- Celestron NexStar Evolution 9.25
- Sky-Watcher Skymax 180mm Maksutov-Cassegrain
- Orion SkyQuest XX12i IntelliScope Truss Dobsonian Telescope
The night sky is full of stars and constellations that have captivated the minds of many over the history of our species. While the naked eye is enough to appreciate the night sky, you can see more with just a little help. Some large binoculars can be enough to get a great view of the moon and even to catch a glimpse of nebulae and our neighbouring Andromeda galaxy. For the best views though, you’ll want a telescope. A small one can be effective, but if you want to get detailed views or photos of more distant and dimmer objects, you’re going to need a large telescope. Unfortunately, large telescopes don’t come cheaply, the optics are somewhat difficult to make so precisely at such a scale. The results are worth it though, as the views and photos you can get are excellent.
To help you get a great telescope, we’ve drawn up a list of the best high-end telescopes in 2021.
- Schmidt-Cassegrain design
- Computerised Alt-Azimuth mount
- 10 hours of battery life
- Aperture: 235mm
- Focal length: 2350mm
- Lenses: 59x and 181x
The Celestron NexStar Evolution 9.25 is a computerised Alt-Azimuth mounted Schmidt-Cassegrain style telescope. It has wide 235mm aperture to gather lots of light and a huge 2350mm focal length. The two included lenses of 13mm and 40mm offer a 181x and a 59x zoom level respectively.
The computerised aiming system can be controlled via a free smartphone app and has a fantastic 10-hour battery life so you can rely on it out in the field. The use of an Alt-Azimuth mount does mean that long exposures may start to see stars nearer the edge of the view rotating, but centred objects can be perfectly tracked. One of the few downsides is that software updates need a serial cable that isn’t included and itself needs a USB adaptor to connect to modern computers.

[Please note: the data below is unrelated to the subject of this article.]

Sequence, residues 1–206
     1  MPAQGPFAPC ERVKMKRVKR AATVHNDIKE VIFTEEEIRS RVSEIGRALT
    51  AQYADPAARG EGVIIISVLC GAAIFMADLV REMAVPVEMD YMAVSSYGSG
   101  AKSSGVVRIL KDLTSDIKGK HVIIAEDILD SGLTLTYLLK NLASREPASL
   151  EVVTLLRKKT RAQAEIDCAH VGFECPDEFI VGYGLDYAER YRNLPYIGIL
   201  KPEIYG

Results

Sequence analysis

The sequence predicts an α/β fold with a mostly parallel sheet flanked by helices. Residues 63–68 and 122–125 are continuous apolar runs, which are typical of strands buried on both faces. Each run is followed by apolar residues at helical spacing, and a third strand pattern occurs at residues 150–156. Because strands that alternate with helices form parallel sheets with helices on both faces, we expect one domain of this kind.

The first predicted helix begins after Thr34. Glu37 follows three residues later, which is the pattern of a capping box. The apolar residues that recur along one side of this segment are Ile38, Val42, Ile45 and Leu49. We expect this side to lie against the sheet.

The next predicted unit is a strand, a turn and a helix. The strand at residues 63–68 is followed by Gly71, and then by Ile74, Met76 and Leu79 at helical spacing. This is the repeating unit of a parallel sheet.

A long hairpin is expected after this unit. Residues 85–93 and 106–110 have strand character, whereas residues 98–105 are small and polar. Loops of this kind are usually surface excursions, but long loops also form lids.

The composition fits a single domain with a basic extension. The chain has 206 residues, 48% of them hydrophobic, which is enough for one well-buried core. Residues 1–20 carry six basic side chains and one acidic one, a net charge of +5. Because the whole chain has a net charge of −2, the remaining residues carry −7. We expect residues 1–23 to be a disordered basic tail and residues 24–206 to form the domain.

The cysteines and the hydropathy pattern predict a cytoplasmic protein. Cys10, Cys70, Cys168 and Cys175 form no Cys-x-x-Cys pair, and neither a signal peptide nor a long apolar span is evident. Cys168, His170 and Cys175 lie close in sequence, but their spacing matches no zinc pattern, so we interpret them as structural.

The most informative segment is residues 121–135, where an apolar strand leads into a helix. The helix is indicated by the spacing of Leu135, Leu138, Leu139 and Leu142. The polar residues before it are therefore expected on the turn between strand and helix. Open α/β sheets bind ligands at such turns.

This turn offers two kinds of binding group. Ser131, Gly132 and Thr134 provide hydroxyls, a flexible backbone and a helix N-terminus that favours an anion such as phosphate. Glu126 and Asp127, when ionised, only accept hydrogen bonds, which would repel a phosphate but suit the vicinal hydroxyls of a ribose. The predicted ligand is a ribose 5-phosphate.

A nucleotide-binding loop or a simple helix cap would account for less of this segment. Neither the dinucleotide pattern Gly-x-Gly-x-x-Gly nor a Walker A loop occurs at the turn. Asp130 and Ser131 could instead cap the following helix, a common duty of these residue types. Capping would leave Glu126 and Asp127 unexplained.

- Dobsonian Design
- Collapsable for easier transport
- Manual aiming
- Aperture: 305mm
- Focal length: 1500mm
- Lenses: 60x and 150x
The Sky-Watcher Flextube 300 Dobsonian is a large telescope that is made portable because the tube collapses. While collapsing the telescope makes it easier or even possible to fit in a car, it still weighs a lot, even with the base separate from the tube. The 305mm main mirror is large enough to be able to see Pluto, if you know where to look.
While the appearance of the open tube is striking, it does make the main mirror more vulnerable to dust, dirt, and scratches. It also increases the telescope’s vulnerability to ambient lighting. While some may not like the lack of automation, it may suit those that want to learn to aim a telescope manually. For those who want the automation an automated GoTo version is available for an eye-wateringly increased price of $4400.
- Maksutov-Cassegrain design
- High transmission coatings on the corrector plate
- Relatively light weight
- Aperture: 180mm
- Focal length: 2700mm
- Lenses: 96x
The Sky-Watcher Skymax 180mm Maksutov-Cassegrain offers a huge focal length combined with a decent aperture size for planetary viewing. It only comes with one lens, that provides a 96x zoom level, significantly below the maximum useful zoom possible with this focal length.
The corrector plate both supports the secondary mirror – eliminating diffraction spikes – and corrects the spherical aberration from the primary mirror. This model doesn’t include a tripod, this helps to save some money if you don’t need one but is less helpful if you do.
- Collapsible Dobsonian design
- Cooing fan to reduce thermal equilibrium time frame
- Database of 14000 night sky objects
- Aperture: 305mm
- Focal length: 1500mm
- Lenses: 42x and 150x
The Orion SkyQuest XX12i IntelliScope Truss Dobsonian Telescope has a very similar design to the SkyWatcher Flextube above being a collapsible Dobsonian. It even has the same aperture and focal length so viewing will be relatively similar. It does come at a lower price point and includes an automatic aiming system with 14000 entries.
The collapsing and assembly process of the truss tube is significantly more complex than the Flextube. The open design comes with the same level of increased risk to the main mirror. To help the mirror to acclimate to the ambient temperature, a cooling fan is fastened to the back, this is powered by a 12V battery pack that requires 8 D-cell batteries.
That was our roundup of the best high-end telescopes in 2021. Have you recently bought a high-end telescope? Let us know what model you chose and what sold you on it, down below.